This idea that nothing is guaranteed – that even those who are ‘chosen’ can stumble, fall, and fail – is everywhere in The Chronicles of Calibran. As the goblins lament their murdered brother and the barbarians escape with stolen gold and the king’s blessing, a seed is planted in the reader’s mind. This was a situation that was perfectly mediated by a good king, one who values the safety and happiness of his people, and yet there’s only tragedy. If that’s the case, then what happens when war and terror descend on the land, and that good king is forced to make hard decisions? What happens when ruthless contenders covet his throne and challenge his power? What happens when the very magic that binds the kingdom together threatens to burn it to ash? The Dragon King begins to answer those questions and, while there’s always hope, the minor scene I’ve chosen as my favorite suggests there may be some very dark days on the horizon.

LINKS:

Amazon

Website

Twitter

Facebook

Goodreads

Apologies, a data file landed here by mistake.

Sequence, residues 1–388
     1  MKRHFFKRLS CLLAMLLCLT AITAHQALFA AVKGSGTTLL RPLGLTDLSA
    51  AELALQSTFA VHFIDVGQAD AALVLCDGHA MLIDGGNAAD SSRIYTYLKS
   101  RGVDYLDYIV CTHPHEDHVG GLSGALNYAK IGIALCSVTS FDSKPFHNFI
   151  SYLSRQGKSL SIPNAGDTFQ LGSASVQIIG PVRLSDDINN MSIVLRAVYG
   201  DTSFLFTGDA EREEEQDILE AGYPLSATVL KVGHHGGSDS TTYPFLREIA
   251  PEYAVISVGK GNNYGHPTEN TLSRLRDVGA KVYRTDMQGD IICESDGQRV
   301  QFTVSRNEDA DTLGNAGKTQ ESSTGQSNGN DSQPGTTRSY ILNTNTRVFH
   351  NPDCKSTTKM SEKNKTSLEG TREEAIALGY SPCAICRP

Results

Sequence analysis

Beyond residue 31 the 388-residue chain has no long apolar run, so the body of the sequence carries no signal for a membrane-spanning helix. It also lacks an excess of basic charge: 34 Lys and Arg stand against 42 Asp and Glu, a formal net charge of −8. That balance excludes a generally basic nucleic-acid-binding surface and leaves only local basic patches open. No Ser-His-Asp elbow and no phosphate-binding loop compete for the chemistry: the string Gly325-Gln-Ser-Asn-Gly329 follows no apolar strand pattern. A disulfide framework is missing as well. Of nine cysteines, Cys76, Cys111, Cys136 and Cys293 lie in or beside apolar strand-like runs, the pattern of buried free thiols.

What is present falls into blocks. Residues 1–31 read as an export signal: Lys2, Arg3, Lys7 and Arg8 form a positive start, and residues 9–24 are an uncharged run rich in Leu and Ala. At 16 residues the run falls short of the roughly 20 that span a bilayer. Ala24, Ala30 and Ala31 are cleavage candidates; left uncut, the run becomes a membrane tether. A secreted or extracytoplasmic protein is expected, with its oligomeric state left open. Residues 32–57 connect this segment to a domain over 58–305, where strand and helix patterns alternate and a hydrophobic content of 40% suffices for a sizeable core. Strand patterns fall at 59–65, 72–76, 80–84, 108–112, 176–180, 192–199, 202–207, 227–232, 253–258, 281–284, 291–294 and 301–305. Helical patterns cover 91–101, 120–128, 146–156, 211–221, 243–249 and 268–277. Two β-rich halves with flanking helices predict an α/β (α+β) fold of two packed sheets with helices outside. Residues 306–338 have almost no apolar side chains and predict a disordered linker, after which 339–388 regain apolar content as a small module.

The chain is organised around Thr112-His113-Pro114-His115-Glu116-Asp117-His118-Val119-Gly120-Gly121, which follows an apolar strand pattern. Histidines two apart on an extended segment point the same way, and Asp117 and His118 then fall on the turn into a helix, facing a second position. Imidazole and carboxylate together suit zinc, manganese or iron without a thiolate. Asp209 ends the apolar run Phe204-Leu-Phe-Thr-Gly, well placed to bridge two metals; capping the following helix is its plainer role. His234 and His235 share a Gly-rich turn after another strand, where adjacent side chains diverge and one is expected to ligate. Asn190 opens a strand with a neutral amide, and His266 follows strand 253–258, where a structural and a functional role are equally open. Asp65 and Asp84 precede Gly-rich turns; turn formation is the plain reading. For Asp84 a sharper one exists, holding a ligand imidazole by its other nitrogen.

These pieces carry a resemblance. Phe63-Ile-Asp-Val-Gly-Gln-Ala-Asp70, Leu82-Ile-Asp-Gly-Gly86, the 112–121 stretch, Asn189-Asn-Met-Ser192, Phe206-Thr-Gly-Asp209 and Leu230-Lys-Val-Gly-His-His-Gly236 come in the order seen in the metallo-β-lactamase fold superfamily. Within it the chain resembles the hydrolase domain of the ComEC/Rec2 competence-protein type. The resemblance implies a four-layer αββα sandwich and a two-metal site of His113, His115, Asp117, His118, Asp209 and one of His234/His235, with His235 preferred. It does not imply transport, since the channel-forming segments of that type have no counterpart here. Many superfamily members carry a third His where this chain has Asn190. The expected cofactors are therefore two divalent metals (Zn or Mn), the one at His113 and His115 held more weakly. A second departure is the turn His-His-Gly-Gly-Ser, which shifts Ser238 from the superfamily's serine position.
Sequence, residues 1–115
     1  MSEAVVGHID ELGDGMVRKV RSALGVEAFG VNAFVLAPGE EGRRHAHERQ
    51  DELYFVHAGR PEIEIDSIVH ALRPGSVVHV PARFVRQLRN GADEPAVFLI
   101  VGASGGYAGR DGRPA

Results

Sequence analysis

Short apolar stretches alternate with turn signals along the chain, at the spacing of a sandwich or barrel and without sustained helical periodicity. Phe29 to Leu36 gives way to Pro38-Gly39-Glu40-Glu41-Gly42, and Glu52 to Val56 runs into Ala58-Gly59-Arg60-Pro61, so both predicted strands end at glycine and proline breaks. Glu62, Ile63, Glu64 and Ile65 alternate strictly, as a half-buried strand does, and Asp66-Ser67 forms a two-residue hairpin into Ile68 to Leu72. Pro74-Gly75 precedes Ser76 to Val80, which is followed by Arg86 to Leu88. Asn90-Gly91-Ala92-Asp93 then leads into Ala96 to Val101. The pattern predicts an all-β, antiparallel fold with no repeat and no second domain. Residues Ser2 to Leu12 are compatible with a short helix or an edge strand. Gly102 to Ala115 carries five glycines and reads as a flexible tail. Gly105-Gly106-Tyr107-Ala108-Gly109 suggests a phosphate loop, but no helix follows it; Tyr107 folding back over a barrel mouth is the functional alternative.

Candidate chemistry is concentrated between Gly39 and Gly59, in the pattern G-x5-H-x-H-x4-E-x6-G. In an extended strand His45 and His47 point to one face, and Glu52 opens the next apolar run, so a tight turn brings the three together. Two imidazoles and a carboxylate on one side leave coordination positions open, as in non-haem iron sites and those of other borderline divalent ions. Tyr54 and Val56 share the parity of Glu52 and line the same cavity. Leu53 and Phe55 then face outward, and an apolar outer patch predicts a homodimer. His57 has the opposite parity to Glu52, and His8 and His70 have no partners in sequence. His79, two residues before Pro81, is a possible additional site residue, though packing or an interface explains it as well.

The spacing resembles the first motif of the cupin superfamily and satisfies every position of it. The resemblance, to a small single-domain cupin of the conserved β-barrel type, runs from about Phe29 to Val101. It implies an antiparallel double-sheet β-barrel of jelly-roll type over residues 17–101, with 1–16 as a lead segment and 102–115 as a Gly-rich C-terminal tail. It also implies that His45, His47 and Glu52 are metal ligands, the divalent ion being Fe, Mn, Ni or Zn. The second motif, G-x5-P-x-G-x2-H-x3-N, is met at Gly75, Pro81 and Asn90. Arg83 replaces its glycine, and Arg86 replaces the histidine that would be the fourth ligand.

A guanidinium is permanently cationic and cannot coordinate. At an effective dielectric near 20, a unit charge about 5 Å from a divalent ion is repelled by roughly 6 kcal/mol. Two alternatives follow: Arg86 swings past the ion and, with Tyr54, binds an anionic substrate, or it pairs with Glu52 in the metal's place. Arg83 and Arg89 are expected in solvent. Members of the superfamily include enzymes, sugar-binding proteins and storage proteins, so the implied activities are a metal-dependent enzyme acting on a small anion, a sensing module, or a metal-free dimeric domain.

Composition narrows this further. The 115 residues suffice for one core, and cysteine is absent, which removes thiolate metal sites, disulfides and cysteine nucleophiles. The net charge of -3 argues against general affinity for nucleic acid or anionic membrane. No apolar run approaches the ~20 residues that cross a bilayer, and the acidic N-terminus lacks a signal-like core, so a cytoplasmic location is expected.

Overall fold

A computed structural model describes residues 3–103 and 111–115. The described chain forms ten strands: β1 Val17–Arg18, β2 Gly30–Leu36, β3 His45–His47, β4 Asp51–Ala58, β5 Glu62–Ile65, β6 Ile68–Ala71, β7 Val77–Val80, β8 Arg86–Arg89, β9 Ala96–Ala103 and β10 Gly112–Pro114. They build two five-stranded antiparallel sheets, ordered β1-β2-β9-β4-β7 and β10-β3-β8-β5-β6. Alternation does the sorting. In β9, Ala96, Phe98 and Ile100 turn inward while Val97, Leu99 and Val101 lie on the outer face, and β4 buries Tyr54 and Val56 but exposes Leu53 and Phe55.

BIO:

Alberto, a fantasy enthusiast since childhood, is the driving force behind the Chronicles of Calibran. His is inspired by the Dragonlance novellas and Tolkien books. Alberto is a big fan of the creations of fantasy artists like Larry Elmore, Angus McBride and Boris Vallejo.

Together with his friends he still enjoys long sessions of RPGs like Dungeons & Dragons, Middle Earth Role Playing and tabletop games.

My Favorite Bit: Ruth Vincent talks about ELIXIR

My Favorite BitRuth Vincent is joining us today with her novel Elixir. Here’s the publisher’s description:

Mabily “Mab” Jones is just a twenty-something, over-educated, under-employed New Yorker trying to survive as a private eye’s unpaid intern . . . or is she? Once a powerful fairy, but tricked by the Fairy Queen into human form, Mab is forced to face her changeling past when investigating a missing person case at a modern speakeasy.

Obadiah Savage bootlegs fairy Elixir to human customers thirsting for a magical fix. But when Mab and Obadiah become joint suspects in a crime they didn’t commit, the only way to prove their innocence is to travel back to the fairy realm. And when Mab confronts the Fairy Queen and learns the depth of her betrayal, she must decide if the fate of the fey world is worth destroying the lives of the humans she’s come to love.

What’s Ruth’s favorite bit?

Elixir cover

RUTH VINCENT

When world-building my urban fantasy novel, ELIXIR, my maxim as a writer was always, can I make it cooler? This became my rubric for designing a magic system. A portal to fairyland in New York City was cool. But using the Times Square New Year’s Eve ball drop as a portal to fairyland, with a magic bootlegger harnessing the energy of the millions of people counting down to power his spell? Cooler.